As someone who was educated in a very traditional school and then university model, I am envious of my 9-year old daughter’s learning opportunity in 3rd grade. Her new school emphasizes project-based learning, social-emotional learning (higher EQ and therefore fewer therapy bills later in life???), group collaboration and multiple path problem-solving, as opposed to the largely unquestioning rote learning I endured.
My latest mid-life crisis is manifesting as a quest to foster my own creativity and overcome the inhibitions of my earlier learning experience – reshape my neural pathways to be more curious, more open, more imaginative and more inventive.
Fortunately, I was recently generously sent the newest book by Michael Michalko to review. Michalko is the author of “Cracking Creativity” (one of my required readings for the Creativity and Personal Mastery Course I am finishing) and “Thinkertoys”, and his latest book “Creative Thinkering” (yes, he created that word) adds onto his earlier work in promoting a creative approach to life. I was somewhat dubious when I noted “Learn how to think like a genius” on the back cover, but inside, I discovered that we now understand something about how geniuses think – and this book sheds more light on that.
I’ve distilled from the book five of the biggest lessons I took away from “Creative Thinkering”:
- Conceptual Blending: this creative thought process “blends two or more concepts in the same mental space to form new ideas”. This blending of dissimilar subjects is the basis of almost all creativity – a combining of old ideas into new ones. The example I love is one of pinecones and reading/writing. I’ll let you ponder for a moment to imagine what that combination might have produced for a blind boy…
You got it … the invention of Braille by a blind man, Louis Braille, who once played with pinecones as a boy!
Or how about a conversation between a gastroenterologist and a guided-missile designer that led to the creation of the “camera pill“?
- Become the Problem: the secret is to immerse yourself in such a way as to become an item in the problem you want to solve. Want to fix issues with your office medical records? Become a patient chart. Travel through your office as your chart does. Heed the bumps and blows. Feel your pages being turned and shuffled. See what is getting lost along the way. Need to come up with a new therapy for cancer? Become an aggressively dividing cancer cell. See what your receptors are doing. Pay attention to your energy needs. Notice what is happening to your surrounding cells and their defenses.
- Use Non-Verbal Clues for Stimulation: creative thinkers often have the habit of collecting interesting items which they then use to stimulate ideas. A vision board or a collection of images may work in a similar way…. as may a walk in the neighborhood. Without the confining structure of the written and spoken word, our minds may be free to be more playful and inventive.
- The Power of our Perspective: our tendency to think linearly or to assume the obvious based on prior assumptions or expectations gets in the way of creative thought. Read this amazing story about Joshua Bell busking in the subway, and note that only the kids picked up on the secret! Our experience AND expertise become the factors limiting our creativity. Hence the need for a “beginner’s mind”!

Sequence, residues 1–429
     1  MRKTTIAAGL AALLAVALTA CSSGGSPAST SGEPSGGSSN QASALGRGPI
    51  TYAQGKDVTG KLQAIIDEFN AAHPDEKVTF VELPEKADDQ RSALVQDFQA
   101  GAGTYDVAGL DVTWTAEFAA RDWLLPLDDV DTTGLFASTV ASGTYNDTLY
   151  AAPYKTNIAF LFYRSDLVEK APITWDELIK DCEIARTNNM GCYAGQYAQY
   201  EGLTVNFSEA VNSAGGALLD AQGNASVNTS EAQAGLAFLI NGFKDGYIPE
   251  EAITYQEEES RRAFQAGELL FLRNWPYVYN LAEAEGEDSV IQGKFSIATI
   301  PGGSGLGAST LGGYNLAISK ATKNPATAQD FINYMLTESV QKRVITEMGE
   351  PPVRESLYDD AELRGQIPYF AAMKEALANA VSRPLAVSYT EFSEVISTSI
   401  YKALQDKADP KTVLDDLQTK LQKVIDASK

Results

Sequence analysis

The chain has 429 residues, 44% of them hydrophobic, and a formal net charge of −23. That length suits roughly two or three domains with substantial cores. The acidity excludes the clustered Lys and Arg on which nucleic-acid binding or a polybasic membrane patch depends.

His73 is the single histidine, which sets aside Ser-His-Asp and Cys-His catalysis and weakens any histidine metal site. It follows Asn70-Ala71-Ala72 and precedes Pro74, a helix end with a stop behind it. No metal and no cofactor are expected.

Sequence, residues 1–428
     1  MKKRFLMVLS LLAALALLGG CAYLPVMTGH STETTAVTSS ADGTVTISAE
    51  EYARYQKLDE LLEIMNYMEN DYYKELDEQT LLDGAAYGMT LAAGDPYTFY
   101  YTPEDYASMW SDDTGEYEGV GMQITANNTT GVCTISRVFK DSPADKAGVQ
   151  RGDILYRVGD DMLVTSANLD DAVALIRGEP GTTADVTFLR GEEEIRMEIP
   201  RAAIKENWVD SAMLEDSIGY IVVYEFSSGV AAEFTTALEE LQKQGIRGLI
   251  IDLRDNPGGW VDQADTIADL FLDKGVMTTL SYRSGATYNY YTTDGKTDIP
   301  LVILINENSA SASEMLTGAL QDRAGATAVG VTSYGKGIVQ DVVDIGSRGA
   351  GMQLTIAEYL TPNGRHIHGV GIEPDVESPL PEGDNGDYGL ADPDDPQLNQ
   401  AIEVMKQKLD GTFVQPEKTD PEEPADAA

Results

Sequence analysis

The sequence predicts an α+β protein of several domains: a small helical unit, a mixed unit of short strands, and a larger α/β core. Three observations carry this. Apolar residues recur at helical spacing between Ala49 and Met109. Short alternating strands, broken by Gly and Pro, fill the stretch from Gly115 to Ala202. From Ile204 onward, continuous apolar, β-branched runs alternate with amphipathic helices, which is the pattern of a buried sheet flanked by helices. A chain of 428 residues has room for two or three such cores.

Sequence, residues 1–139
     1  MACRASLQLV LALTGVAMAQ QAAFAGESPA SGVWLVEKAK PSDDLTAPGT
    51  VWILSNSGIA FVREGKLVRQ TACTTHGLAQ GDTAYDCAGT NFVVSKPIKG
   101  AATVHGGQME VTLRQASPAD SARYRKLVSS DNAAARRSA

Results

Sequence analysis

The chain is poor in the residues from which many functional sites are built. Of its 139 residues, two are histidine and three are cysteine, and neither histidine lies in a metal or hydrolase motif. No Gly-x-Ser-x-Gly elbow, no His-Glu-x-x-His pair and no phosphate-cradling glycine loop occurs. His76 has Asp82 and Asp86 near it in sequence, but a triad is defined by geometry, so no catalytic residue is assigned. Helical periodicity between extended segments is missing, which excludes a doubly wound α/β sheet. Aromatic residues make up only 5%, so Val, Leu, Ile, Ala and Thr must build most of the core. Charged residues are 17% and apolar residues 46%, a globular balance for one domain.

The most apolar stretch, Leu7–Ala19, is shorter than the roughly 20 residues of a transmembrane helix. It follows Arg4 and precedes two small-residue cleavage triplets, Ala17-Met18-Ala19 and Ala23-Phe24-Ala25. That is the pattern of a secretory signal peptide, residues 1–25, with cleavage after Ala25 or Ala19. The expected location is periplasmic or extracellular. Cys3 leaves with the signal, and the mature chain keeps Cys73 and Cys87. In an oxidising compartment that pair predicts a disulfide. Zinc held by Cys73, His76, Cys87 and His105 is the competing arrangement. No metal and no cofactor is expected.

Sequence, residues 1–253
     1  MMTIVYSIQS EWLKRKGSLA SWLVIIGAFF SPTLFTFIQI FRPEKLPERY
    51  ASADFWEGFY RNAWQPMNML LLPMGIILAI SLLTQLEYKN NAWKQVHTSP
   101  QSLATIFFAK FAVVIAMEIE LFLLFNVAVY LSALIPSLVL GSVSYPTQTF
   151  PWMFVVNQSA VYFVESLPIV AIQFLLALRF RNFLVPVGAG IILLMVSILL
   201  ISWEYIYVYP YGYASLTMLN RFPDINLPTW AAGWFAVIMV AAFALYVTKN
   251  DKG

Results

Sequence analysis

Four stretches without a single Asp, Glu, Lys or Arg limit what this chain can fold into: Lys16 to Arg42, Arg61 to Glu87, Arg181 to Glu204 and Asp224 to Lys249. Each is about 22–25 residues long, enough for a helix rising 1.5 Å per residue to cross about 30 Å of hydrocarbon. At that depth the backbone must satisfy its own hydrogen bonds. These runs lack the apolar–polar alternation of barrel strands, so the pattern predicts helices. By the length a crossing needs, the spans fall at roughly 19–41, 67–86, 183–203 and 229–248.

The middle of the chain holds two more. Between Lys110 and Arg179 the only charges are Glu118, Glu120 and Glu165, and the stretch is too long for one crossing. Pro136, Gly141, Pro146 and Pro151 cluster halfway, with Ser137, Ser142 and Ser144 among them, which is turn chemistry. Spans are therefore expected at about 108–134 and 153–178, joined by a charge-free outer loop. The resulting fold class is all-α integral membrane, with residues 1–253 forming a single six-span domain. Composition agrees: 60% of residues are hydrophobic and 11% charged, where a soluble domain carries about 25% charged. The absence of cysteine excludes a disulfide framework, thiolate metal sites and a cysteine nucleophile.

- Use Intention: random thinking with no organizing principle is less likely to produce a creative idea than thinking grounded in intention. Imagine you want to buy a car. And you develop a hankering for a red Mercedes. All of a sudden, you will start to notice red Mercedes as you drive. Or play the punch buggy game. For every Volkswagen Beetle you see, you yell out “punch buggy no punchbacks” (the last part is vital if you don’t want your car “stolen” from you … ask any 9-year old!). Suddenly, there are Beetles all over the place and you are competing fiercely to win the contest of first to 100!! Applying that same intention to your creative thought process is much more likely to surface novel conceptual blends.
These and the other creativity-inducing activities in the book all circle back to a basic requirement for creativity – Awareness. You must pay attention in order to take advantage of the many creative opportunities that surround you. But that is a topic for another article!
This book needs to be eaten and digested with a small spoon – in tiny bites! Filled with numerous thought experiments and examples of actual inventions that have arisen as a result of these exercises, the book encourages you to do your own creative “thinkering” before reading the answers. It’s easy to skim the chapters and come away nodding your head sagely, feeling like you have an insight into the creative process. It requires a whole other level of commitment (and intention!) to transform your own thinking with these stimulating activities.
I invite you to try them for yourself if you are contemplating approaching your medical practice, your non-clinical business or even your life with a more creative attitude and skill! Highly recommended reading.
For those of you who want more, here’s another take on creativity from the Harvard Business Review blog – Don’t Let What You Know Limit What You Imagine